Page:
My Virtual Sanity

Have you ever felt the need to share your thoughts with virtual strangers just so you can pretend that you have adult conversations during the day? Well, that's what I'm about to do. Be prepaired for my life as a stay at home, obsessive knitter, and my attempts to stay connected with the rest of the world.

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Location: Denver, Colorado, United States

Wednesday, August 09, 2006

Does this make me a yarn snob?

I'm in love with wool yarn. It's official. I can no longer deny it. I have been knitting and/or crocheting since I was about 10 and up until this year, I had never used any form of natural yarn.

*Pause for shocked silence*

Well, I had used Lionbrand woolese, but I have to tell you guys, I didn't really like the stuff. It shed and was rough and everything that I thought wool was. Most people probably buy their acrylic based on general ignorance of the loveliness, non scratchiness, and general wonderfulness of good wool. Now, I suppose I should preface my love of wool with the statement that I love GOOD wool. There are different grades of wool, just like there are different grades of acrylic. There are good ones, and there are bad ones. I still like Caron's Simply soft acrylic, but it will never be as cherished as wool. Probably specifically merino wool.

I have been recycling sweaters for over 2 months now, and have held just about every fiber there is. I can tell almost just by touching a garment what it is made of. Most of us know what acrylic sweaters feel like, but I have been tricked by some very nice soft fuzzy acrylics out there. They are nice to the touch and soft against the skin. They lack the same bouncy elasticity of good wool, though. Wool has a give to it that no other fiber I've run across has when knitting with it. It stretches as you knit and then bounces back into nice fat beautiful stitches. It is truly a joy to behold. It is also oh so light. I can generally tell a sweater is made of wool by it's weight alone! It has so many nice pockets of air that fluff up and keep you warm.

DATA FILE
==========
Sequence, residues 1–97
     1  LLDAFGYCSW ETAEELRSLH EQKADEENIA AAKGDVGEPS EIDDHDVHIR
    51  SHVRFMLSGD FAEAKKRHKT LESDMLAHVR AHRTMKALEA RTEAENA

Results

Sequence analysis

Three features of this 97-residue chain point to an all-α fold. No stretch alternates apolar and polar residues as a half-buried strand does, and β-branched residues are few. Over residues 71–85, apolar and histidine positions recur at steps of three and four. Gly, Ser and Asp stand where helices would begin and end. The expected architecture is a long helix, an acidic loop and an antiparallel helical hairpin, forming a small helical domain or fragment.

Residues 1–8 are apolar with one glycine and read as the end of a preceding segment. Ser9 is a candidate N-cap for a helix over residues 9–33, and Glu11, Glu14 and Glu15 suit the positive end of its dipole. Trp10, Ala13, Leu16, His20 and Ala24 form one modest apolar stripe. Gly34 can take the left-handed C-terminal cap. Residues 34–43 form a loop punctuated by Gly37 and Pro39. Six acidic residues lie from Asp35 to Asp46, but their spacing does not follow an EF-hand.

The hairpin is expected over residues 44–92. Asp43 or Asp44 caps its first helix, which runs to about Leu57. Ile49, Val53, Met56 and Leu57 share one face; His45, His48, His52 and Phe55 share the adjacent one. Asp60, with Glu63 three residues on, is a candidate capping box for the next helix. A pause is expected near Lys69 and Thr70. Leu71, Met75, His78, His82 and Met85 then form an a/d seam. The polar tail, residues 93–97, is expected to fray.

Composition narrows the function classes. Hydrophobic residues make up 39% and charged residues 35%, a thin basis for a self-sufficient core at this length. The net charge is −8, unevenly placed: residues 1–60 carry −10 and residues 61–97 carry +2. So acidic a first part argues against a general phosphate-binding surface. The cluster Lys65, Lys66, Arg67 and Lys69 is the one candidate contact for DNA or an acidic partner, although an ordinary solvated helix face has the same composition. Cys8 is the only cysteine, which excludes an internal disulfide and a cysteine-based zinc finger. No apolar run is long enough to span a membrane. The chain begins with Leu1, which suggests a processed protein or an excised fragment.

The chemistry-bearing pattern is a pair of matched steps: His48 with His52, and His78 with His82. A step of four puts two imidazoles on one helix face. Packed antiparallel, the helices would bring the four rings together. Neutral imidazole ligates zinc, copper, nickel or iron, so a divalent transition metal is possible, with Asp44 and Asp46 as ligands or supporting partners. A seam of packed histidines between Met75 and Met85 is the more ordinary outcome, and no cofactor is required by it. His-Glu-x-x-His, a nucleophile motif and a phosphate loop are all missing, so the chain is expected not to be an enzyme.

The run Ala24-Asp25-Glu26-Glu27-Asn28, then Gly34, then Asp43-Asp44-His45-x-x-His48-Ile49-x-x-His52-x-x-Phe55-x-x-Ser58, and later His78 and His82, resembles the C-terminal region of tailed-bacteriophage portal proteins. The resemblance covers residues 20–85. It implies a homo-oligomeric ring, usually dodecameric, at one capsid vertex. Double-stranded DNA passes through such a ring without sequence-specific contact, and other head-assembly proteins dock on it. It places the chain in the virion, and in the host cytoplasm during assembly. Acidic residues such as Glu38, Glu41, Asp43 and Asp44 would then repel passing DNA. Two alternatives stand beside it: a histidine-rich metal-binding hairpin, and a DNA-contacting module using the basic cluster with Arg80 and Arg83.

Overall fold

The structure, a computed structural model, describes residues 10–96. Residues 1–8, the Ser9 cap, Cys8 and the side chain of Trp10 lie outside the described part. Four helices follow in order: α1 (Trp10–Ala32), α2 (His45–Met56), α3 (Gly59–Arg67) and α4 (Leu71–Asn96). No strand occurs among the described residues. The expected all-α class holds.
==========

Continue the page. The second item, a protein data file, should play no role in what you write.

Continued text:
Cotton is also very distinctive usually in yarn. It is stiff and firm to the touch. It can create beautiful garments, but it has absolutely no give to it when you knit. I find that when I create stitches, I like to have my yarn under tension and working with cotton makes my hands tired very quickly. It also bothers me that the darn thing doesn't stay the same dimensions. My Picovoli T looks beautiful when I put it on in the morning, but by the evening it has stretched and is no longer as nice and tight fitting as I would like. No, I don't plan on wearing a wool T-shirt in the summer, but I do find this frustrating.

Angora and Mohair you can tell just by looking at it what they are. I've found that Angora by it's self is very slippery and usually in sweaters is a very delicate yarn. It doesn't seem to want to stay together under stress. Now I've had some loosely spun lace weight wool yarns too, but every Angora sweater I've seen has this same problem. It's probably good that the Angora's combined with wool and nylon to temper this usually.

Silk is usually very distinctive as well, although there are several different types of silk yarn. Some silk is firm and dry in your hand and has a very high shine. Others are softer and have a more matte finish. All silk, no matter how fine is incredibly strong I've found. It also has quite a bit of memory considering it is firm in your hand much like cotton. It remembers it's kinks and wants to bounce back into that shape until it has been relaxed in the water.

Last is Cashmere. Yes, cashmere is dreamily soft and beautiful, but I'm not quite sure if I'm really sold on it for knitting purposes. I have a skein of wonderful tan cashmere that I kept for myself that is like butter toffee. Cashmere doesn't seem to have the same "boing" that Merino wool does, though. I suppose the proper term is "memory". When I wind a batch of merino wool on my yarn swift, no matter how thick the yarn is, it is like a giant rubber band. As soon as I take it off, the hank shrinks to about 1/4 the size as the yarn bounces back to it's tightly kinked state. This relaxes when I wash it, of course, but no other fiber acts this same way. Well, silk does to some extent, which is interesting to think about it. Cashmere doesn't stretch like wool. It also doesn't bounce back like wool does. It is very soft, but I'll have to knit something with my hank and tell you how I like the feel of it.

So, what brought all this on? The mystery project.Oooo, the mystery of the waded up 2 color thing!

I am knitting it in Patton's Classic Merino wool, and I LOVE this yarn. It is so bouncy and soft and wooly. I bought it at Michaels and it is the only real 100% wool yarn I have ever seen there. With my limited experience with real wool yarn made by actual yarn makers, I would definitely recommend this yarn. It is very nice :D


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